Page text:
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5.12: Styles of Decision Making

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  • Learning Outcomes

    • Identify common styles of decision making.

    Optimizing vs. Satisficing

    The “fog of war” refers to the uncertainty common on a battlefield.  Business is not quite that bad, but there often isn’t good information for a full analysis.  With limitations on information, thoughtful analysis may be impossible. So what’s a decision maker to do? There are two ends of a spectrum from which to approach this: satisficing and optimizing. Satisficing—a combination of the words “satisfy” and “suffice”—means settling for a less-than-perfect solution when working with limited information. Optimizing involves collecting as much data as possible and trying to find the optimal choice. Generally, decision makers don’t pick one or the other—you can think of satisficing to optimizing as a spectrum, and each decision starts with an assessment of how critical it is. A branch of management called management science offers methods for solving complex problems.

    Intuitive vs. Rational

    According to Daniel Kahneman, who you’ll read more about in the next section, each of us has two separate minds that compete for influence. One way to describe this is a conscious and a subconscious perspective. The subconscious mind is automatic and intuitive, rapidly consolidating data and producing a decision almost immediately. The subconscious mind works best with repeated experiences. The conscious, rational mind requires more effort, using logic and reason to make a choice.  For example, the subconscious mind throws a ball and hits the target, while the conscious mind slowly describes the physics and forces required to complete the action.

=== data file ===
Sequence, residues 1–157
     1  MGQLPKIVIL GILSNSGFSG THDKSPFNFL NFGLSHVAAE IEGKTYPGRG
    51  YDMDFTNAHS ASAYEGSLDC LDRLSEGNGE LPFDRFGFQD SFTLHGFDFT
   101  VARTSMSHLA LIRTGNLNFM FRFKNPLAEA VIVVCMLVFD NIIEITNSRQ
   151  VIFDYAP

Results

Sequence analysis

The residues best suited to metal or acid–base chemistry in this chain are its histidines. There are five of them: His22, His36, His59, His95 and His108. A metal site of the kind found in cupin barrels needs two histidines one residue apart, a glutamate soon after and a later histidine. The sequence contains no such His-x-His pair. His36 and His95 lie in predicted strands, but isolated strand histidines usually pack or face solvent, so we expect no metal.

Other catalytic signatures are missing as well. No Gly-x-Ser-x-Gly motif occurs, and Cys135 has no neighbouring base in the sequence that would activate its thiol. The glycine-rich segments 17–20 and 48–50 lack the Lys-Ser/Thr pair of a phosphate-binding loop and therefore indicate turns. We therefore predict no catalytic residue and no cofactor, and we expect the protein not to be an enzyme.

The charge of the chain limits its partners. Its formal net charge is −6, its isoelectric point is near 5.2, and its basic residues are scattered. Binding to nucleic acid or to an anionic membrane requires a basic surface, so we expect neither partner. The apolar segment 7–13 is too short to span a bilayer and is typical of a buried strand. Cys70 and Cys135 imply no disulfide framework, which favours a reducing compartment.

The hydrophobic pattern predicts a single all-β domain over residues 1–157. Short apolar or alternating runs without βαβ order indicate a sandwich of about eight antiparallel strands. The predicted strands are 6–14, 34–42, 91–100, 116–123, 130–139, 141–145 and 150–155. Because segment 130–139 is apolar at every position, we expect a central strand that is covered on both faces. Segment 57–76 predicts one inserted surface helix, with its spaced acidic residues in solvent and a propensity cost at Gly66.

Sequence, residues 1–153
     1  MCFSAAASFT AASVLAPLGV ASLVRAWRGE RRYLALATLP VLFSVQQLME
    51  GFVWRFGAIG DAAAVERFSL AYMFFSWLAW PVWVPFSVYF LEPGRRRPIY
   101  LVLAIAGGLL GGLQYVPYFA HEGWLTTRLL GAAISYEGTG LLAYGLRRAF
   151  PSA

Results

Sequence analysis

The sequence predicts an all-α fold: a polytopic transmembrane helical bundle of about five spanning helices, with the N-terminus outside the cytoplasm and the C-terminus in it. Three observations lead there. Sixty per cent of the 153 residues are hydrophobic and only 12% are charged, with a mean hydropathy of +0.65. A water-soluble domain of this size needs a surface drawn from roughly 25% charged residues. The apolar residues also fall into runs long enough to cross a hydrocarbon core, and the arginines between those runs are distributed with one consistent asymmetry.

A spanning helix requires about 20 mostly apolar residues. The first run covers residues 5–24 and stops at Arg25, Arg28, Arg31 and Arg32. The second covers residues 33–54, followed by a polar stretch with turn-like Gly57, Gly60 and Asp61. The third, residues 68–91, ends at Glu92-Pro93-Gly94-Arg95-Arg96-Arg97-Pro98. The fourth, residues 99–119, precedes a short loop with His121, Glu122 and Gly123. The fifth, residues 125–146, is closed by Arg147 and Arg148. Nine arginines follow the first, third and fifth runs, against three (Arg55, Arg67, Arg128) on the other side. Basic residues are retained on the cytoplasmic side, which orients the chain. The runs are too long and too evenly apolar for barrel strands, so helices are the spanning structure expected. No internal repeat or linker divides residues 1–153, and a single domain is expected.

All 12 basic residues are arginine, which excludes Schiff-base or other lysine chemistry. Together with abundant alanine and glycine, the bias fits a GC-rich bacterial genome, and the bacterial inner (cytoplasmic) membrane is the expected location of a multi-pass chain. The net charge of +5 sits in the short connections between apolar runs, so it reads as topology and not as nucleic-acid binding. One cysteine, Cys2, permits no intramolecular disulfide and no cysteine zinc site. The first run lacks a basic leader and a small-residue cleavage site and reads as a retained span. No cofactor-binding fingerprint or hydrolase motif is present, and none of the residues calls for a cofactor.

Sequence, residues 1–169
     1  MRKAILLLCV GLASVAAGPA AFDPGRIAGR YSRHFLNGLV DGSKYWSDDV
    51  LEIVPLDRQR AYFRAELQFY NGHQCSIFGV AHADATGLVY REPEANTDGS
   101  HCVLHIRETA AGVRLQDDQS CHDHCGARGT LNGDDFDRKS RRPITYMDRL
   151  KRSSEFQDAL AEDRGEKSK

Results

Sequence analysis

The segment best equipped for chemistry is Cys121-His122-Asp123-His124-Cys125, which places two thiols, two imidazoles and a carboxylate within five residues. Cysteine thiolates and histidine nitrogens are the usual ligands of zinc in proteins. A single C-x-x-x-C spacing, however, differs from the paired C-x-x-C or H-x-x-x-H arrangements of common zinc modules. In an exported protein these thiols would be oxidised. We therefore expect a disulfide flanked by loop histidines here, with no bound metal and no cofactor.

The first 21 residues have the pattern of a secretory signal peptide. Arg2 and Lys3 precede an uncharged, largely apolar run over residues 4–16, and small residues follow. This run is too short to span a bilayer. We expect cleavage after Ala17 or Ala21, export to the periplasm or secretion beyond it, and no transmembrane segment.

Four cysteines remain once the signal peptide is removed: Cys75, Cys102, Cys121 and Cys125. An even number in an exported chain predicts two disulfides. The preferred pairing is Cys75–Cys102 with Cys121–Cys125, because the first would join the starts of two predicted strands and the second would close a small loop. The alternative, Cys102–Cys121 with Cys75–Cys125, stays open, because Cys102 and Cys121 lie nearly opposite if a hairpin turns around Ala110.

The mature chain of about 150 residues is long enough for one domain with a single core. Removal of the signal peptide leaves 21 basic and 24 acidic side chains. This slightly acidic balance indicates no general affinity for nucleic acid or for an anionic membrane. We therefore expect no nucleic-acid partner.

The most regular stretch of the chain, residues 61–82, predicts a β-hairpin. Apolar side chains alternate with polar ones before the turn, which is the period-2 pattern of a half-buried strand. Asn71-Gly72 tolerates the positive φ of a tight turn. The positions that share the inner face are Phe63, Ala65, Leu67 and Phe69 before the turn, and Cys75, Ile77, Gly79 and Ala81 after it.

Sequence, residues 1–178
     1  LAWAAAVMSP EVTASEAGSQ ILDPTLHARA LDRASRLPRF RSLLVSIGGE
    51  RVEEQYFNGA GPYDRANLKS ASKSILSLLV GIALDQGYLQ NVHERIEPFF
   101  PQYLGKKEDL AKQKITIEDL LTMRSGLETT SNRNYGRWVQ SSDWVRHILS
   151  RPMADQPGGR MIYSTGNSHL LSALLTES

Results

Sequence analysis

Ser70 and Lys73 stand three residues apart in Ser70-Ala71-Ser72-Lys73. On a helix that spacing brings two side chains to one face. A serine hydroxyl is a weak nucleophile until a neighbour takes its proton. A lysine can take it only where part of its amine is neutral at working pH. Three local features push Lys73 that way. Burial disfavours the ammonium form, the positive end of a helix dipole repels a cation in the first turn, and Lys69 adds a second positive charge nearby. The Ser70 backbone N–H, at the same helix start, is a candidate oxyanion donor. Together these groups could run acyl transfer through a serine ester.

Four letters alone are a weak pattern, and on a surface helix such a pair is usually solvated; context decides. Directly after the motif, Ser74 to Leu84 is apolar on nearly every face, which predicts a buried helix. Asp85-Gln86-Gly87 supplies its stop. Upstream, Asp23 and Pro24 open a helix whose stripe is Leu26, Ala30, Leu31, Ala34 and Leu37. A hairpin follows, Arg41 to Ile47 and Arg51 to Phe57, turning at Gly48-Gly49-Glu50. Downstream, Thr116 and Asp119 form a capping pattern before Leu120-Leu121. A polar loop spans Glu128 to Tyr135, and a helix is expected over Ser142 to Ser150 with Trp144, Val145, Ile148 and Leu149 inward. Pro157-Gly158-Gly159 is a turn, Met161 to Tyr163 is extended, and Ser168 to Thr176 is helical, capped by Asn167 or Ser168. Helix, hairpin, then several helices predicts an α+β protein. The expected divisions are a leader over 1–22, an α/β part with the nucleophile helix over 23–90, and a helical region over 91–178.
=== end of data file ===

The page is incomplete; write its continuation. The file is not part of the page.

Combinatorial vs. Positional

    Aron Katsenelinboigen proposed this description based on how the game of chess is played.  A combinatorial player has a final outcome in mind, making a series of moves that try to link the initial position with the final outcome in a firm, narrow, and more certain way.  The name comes from the rapid increase in the number of moves he must consider for each step he looks ahead.  The positional decision-making approach is “looser,” setting up strong positions on the board and preparing to react to the opponent. A player using this strategy increases flexibility, creating options as opposed to forcing a single sequence.

    Pieces set up on a chess board, with a man appearing out of focus in the background with a thoughtful expression on his face
    Like chess players, businesses can use combinatorial or positional strategies to make decisions.

    In business, a market share strategy is positional.  A dominant market share gives a firm negotiating power even with lesser product.  A complex situation with many players and many solutions might require a more combinatorial strategy. Apple faced a complex environment when it entered the music streaming business.  It created an ecosystem that served artists, labels, and customers without dominating the music business.

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